Léon Jaussely

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Postal office of Saint-Jean de Bordeaux, 1929

Léon Jaussely (9 January 1875 – 28 December 1932) was a French architect and urban planner.

Born in Toulouse, Jaussely studied at the local fine arts school, then to the École des Beaux-Arts in the ateliers of Honoré Daumet and Pierre Esquié. Jaussely took the Prix de Rome for architecture in 1903, and would eventually run his own atelier at the school. Jaussely took the prestigious Prix Chaudesaigues

As a young graduate he was the winner, among five entrants, of the city plan for the expansion of Barcelona. The Plan Jaussely was officially adopted in 1907. Although never completed it guided the development of the city for decades.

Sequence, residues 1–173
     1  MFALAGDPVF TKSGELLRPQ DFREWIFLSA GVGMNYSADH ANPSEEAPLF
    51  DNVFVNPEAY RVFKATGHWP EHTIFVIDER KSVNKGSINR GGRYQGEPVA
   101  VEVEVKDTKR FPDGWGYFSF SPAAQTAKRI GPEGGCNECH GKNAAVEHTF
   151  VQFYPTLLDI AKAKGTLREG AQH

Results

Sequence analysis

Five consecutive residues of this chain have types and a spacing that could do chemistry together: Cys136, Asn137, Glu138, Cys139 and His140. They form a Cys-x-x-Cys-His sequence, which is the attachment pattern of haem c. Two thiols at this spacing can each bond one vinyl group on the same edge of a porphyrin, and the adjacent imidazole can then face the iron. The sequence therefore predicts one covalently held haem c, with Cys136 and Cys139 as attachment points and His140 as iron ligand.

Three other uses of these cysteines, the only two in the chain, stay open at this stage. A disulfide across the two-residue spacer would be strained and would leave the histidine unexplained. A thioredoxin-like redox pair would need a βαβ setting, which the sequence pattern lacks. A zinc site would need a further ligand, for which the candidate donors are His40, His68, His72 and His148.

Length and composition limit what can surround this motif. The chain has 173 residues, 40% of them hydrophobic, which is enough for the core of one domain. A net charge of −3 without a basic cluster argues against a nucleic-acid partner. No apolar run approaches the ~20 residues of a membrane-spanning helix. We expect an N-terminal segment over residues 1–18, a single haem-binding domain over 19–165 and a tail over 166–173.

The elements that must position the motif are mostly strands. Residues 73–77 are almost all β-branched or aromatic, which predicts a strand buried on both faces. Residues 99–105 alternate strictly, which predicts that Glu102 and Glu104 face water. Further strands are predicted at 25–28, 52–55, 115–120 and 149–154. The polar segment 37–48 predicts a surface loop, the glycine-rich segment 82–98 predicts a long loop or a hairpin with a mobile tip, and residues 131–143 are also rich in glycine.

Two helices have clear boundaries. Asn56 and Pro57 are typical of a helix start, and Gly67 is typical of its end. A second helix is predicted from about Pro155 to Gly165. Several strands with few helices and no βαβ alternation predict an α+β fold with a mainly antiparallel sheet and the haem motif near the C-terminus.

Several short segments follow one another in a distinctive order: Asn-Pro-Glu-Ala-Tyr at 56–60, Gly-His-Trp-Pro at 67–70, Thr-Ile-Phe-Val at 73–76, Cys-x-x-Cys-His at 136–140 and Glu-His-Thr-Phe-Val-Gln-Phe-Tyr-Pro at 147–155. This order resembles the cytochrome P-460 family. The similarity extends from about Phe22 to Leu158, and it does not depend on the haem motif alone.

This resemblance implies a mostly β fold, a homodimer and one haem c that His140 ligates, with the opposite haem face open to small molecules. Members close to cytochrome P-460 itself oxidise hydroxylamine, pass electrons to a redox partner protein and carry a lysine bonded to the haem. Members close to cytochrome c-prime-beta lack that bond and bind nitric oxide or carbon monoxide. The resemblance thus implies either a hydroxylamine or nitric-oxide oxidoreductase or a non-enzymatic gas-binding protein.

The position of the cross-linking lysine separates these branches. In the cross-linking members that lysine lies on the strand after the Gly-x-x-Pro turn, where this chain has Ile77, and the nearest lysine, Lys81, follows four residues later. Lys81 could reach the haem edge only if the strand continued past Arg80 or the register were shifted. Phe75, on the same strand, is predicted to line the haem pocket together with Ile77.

Jaussely was also the chief planner of the 1925 International Exhibition of Hydropower and Tourism in Grenoble. Jaussely's individual building designs include the 1931 Palais de la Porte Dorée, built for the Paris Paris Colonial Exposition (with fellow architects Albert Laprade and Léon Bazin), and the 1932 headquarters for the La Dépêche du Midi in Toulouse. He was the co-founder in 1911 of the French Society of Planners, with Henri Prost and others.

Jaussely is buried in the Montparnasse Cemetery, Paris. Among Jaussely's students was Ernő Goldfinger.